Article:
Aside from the well publicized allegations against the FSU QB, and lost in the grimness of that event…was a sad picture into the life of some of these kids who have little to nothing for spending. That “sad picture” is the story of how he was caught stealing soda in a fast food joint. He was allegedly using the little ketchup cups to steal soda..and then asked for a complimentary water cup and was accused of filling it with soda. This is NOT to defend or take sides in the serious allegations against him…I don’t have a dog in that fight…but the sidebar of a kid who can’t even afford to buy a drink when he hangs out with his friends at McDonalds is telling..(granted…you may argue that these kids afford what they want to afford..and some do, but there is a poverty problem at some level for some kids that are playing for institutions (conferences, schools, tv networks, coaches) that are raking in literal millions off of their backs). A stipend is a simple and fair answer. Maybe UGA and UF would not have had to dismiss certain players in the past for stealing relatively inexpensive things had a stipend been in place.

  6. Athens Dog

    You just can’t make up this shit……………….and one of the great sports movies (and novels) of all time

  7. sniffer

    I imagined the NCAA attorneys pleading their case before the court in the style and voice of Foghorn Leghorn…

    Seriously, anecdotal evidence that a college student needs pizza and beer money is rediculous. Soon enough, they will need car insurance premiums, a cell phone and a new set of “beatsbydre”. You know, stuff a kid needs(deserves).

    Need money, sell your plasma like we did…

  8. Scorpio Jones, III

    The whole Pilson argument is bogus…I don’t know what to say…If the NCAA head shed approved the arguments from their “lawyers” the end is nigh. T’would behoove the NCAA leadership to read the transcript of the Jan Kemp trial…Georgia’s lawyers were at least as effective as theirs.

    I would bet decent money Pilson is NOT a college football fan…not that we are by any stretch a fair sample, but does anybody here actually object to giving these kids a stipend…object to the point it would stop us watching or going to say….the Clemson game next year?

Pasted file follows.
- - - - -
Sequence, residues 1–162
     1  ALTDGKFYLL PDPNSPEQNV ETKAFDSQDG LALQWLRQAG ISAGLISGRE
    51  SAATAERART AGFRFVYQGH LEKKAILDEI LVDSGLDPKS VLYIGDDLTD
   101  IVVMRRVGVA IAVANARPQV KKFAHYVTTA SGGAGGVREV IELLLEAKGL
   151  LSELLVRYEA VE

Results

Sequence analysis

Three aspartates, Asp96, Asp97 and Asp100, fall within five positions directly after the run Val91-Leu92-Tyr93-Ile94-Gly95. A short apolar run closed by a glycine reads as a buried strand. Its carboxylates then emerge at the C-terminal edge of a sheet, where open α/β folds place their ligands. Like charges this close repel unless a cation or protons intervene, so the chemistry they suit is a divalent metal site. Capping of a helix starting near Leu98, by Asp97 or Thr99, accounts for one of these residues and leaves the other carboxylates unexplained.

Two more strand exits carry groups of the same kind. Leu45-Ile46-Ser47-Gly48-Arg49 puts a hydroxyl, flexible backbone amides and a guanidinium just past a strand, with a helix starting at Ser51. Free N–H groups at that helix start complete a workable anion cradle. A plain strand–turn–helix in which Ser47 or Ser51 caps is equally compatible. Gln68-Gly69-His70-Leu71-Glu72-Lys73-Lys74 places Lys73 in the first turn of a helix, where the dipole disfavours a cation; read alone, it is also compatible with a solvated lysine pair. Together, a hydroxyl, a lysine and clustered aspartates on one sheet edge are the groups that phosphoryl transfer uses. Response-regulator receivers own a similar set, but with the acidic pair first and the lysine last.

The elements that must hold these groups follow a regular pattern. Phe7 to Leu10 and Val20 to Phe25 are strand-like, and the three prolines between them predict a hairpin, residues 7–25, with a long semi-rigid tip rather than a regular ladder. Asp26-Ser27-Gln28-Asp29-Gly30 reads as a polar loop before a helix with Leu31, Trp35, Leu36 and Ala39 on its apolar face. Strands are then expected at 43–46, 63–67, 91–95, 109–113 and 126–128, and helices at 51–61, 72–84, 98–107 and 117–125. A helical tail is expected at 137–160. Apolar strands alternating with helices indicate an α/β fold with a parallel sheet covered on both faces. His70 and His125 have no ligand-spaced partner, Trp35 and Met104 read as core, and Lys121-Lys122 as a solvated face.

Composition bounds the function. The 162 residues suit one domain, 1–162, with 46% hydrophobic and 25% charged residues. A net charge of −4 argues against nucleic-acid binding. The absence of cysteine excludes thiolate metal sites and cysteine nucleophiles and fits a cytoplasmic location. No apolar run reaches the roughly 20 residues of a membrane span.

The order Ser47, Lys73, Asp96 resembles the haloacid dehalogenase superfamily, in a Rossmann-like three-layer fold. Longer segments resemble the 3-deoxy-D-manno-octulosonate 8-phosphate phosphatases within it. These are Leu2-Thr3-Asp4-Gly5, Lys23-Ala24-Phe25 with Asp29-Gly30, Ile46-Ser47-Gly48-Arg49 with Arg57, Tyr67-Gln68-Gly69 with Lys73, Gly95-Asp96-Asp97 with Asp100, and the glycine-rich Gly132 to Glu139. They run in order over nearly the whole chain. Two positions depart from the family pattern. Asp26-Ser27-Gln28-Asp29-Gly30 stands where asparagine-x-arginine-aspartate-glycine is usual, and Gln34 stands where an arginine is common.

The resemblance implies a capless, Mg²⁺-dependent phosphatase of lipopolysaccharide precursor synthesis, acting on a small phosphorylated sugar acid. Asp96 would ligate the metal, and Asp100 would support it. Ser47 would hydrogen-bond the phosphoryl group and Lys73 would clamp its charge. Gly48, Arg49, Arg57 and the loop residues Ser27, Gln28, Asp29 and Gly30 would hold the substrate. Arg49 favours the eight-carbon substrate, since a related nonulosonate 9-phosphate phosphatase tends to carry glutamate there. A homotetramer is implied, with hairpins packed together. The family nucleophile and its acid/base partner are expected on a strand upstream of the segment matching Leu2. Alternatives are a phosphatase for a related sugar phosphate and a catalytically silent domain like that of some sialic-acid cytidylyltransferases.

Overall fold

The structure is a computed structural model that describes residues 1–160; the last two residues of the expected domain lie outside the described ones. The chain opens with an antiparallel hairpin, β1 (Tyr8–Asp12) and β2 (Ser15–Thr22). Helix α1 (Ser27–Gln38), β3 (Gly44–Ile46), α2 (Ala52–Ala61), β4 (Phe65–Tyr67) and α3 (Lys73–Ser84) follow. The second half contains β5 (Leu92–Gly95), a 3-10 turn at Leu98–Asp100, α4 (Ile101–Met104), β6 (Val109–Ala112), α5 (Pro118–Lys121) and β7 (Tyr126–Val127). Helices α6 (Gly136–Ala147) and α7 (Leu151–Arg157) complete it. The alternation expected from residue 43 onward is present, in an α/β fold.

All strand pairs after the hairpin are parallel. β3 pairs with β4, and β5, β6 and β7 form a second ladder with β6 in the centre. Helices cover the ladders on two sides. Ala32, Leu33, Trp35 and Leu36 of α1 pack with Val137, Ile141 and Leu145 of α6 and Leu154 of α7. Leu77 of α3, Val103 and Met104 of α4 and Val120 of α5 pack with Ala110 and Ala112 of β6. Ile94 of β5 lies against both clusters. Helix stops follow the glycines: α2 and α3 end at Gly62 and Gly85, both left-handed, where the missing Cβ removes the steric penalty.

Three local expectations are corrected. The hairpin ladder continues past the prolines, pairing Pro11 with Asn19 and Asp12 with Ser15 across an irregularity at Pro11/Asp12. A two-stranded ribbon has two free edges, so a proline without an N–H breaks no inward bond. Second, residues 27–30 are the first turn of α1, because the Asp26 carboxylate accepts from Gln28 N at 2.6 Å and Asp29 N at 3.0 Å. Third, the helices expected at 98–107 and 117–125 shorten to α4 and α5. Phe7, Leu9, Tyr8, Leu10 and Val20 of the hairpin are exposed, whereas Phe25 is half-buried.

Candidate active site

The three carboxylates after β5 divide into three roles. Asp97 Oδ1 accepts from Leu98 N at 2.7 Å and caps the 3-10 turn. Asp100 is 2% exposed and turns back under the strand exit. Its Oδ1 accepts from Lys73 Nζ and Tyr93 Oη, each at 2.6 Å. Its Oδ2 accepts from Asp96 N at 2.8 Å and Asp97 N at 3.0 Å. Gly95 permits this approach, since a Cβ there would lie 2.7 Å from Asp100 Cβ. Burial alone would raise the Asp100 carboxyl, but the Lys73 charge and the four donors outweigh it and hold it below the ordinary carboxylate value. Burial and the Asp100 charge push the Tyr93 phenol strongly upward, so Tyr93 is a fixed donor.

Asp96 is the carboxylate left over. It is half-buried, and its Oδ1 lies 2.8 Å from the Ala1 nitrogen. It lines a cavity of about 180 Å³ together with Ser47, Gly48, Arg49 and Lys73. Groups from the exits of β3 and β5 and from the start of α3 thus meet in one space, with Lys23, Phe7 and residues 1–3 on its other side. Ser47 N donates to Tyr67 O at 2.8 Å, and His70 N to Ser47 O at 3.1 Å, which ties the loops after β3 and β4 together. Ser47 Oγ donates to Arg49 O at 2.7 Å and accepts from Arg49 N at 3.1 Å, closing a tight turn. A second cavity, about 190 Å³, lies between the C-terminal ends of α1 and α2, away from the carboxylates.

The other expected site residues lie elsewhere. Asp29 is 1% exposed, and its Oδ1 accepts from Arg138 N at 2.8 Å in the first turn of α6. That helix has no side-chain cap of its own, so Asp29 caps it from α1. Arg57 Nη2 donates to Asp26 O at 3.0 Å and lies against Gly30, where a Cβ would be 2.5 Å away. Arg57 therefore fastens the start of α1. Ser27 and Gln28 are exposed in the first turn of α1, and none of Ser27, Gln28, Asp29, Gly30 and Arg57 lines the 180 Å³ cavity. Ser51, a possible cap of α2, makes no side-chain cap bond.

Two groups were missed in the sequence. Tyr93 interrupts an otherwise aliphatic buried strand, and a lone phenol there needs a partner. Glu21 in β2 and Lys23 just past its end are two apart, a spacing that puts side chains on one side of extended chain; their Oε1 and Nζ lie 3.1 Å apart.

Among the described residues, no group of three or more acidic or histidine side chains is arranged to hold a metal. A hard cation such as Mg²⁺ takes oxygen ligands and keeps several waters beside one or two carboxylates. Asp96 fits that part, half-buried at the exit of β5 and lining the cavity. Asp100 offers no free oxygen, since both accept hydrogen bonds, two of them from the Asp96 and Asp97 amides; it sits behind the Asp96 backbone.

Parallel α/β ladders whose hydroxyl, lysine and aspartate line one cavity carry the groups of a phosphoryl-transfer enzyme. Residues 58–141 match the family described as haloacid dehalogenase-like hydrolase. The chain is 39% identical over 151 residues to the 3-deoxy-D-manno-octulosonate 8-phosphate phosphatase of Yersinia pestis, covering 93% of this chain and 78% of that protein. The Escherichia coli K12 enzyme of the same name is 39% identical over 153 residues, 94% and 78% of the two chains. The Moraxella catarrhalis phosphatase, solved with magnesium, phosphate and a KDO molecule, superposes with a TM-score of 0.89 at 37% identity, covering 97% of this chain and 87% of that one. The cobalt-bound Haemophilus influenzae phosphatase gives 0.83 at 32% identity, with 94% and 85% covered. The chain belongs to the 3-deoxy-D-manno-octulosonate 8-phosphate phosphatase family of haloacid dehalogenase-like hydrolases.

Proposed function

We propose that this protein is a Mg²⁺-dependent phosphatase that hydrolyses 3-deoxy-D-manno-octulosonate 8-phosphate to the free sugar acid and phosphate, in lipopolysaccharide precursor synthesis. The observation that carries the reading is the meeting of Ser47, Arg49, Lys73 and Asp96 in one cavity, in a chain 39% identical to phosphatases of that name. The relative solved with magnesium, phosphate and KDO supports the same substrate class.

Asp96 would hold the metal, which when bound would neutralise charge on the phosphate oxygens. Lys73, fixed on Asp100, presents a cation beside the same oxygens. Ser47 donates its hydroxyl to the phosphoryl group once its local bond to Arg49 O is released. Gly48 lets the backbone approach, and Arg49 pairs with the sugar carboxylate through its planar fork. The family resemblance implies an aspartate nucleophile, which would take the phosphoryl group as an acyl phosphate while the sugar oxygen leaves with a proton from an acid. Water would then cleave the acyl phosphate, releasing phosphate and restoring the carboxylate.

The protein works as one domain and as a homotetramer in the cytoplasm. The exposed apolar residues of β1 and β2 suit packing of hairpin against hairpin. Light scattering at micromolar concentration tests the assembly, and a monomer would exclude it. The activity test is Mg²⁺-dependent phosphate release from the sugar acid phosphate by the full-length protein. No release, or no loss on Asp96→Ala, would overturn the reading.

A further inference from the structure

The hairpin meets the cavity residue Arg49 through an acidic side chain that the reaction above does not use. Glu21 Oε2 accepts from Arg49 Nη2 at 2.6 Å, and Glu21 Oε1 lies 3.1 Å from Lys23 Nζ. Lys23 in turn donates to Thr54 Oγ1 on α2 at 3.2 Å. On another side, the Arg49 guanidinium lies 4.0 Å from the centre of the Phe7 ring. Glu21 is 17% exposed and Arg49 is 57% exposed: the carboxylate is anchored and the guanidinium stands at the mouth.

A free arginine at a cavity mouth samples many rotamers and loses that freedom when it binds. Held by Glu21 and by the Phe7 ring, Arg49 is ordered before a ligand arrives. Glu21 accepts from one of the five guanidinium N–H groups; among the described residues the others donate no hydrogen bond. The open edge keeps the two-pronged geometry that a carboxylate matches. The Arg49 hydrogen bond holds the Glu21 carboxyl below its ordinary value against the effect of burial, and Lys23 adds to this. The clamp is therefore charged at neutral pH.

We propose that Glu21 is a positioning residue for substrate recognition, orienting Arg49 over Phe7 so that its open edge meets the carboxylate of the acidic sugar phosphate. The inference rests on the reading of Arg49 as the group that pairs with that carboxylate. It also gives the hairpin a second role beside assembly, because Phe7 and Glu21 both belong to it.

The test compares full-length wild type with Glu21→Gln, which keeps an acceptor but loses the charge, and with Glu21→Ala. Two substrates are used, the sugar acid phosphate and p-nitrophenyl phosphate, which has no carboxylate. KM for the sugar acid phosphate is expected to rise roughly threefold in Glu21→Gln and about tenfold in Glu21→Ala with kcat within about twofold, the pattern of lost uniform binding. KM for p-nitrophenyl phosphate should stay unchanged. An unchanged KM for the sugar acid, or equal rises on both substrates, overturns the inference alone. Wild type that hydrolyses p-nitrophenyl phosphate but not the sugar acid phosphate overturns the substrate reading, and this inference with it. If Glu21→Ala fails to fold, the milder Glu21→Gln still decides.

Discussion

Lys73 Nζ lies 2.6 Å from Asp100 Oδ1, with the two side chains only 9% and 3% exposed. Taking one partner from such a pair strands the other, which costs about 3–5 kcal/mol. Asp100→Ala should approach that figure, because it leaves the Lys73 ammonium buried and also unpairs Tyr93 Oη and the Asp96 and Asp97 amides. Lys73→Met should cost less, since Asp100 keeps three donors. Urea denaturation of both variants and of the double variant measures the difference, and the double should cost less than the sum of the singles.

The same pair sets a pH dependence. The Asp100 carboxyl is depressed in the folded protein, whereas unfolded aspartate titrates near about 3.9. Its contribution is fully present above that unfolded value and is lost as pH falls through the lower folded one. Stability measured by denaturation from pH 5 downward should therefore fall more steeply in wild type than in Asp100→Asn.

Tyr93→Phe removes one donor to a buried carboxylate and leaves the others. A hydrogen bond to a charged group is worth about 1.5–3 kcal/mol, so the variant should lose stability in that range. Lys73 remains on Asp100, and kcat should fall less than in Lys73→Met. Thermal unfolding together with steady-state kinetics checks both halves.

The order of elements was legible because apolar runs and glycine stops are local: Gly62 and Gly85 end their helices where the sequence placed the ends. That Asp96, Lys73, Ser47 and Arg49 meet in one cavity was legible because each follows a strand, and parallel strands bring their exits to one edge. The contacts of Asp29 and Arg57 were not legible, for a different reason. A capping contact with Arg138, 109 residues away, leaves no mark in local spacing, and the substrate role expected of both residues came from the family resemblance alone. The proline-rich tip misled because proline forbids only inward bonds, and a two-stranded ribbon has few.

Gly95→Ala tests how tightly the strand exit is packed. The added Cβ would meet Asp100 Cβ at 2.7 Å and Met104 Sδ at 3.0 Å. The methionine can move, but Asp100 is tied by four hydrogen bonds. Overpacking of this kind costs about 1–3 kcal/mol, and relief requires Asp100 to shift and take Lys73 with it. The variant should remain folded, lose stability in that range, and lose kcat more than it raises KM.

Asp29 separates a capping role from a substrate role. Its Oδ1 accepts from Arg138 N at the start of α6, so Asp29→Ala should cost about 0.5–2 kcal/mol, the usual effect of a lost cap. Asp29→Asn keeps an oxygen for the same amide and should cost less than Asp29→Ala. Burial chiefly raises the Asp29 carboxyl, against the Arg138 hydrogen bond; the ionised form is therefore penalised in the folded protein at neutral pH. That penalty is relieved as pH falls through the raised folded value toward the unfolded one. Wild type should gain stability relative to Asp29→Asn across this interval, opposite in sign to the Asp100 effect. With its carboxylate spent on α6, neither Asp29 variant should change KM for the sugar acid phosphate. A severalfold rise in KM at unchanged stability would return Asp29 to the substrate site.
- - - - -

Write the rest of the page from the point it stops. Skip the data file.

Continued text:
And maybe that’s the essence of the whole problem…the NCAA lacks fan representation. The SEC certainly could benefit from it.

  9. Mayor of Dawgtown

    In a nutshell, the soliloquy by John Matuszak in the linked video is essentially how I feel about UGA football and that whole crowd at B-M. Well said, Tooz!

  10. Speaking of ORANGE….Saw a lady yesterday at The Fresh Market with a blue Santa sweatshirt, The hat on the Santa was Orange and “War Eagle” was at the center. Enough….these people in Columbus have lost their minds over this Awbun miracle stuff. Oh, and give the players “Coca Cola Money”. Boys gotta eat and it is expensive these days.

  11. 69Dawg

    I hate to be critical of my brothers in the legal profession but grasping at straw is the only way to view this brief. In effect they are saying that the NCAA, ESPN and all the cable and satellite providers can screw the fans for millions of dollars but if the players get a piece of this screw job the fans will suddenly get pissed off. What a bunch of maroons, I won’t insult morons with this one.

  12. fatman48

    How much do you think the SEC channel will set you back on your cable or satellite bill ? because Mike ( Damn I’m Short) Slive only cares about making money for the SEC, not about the Players (The true money makers in the game) same as that ass-clown over at the NCAA….

  13. Trbodawg

    I’m not so sure the Olympics is a case where paying players hasn’t made a difference. I haven’t cared about the Olympics in 20+ years. The “Dream Team” killed it for me.

  14. www

    hey look, it’s BUBBA* from “in the heat of the night”!

    *not a uga-fans-are-dumb joke

    • Mayor of Dawgtown

      Yep. Bubba (Alan Autry) played in the NFL for a couple of seasons with the Packers. That cast is made up of a lot former NFL players.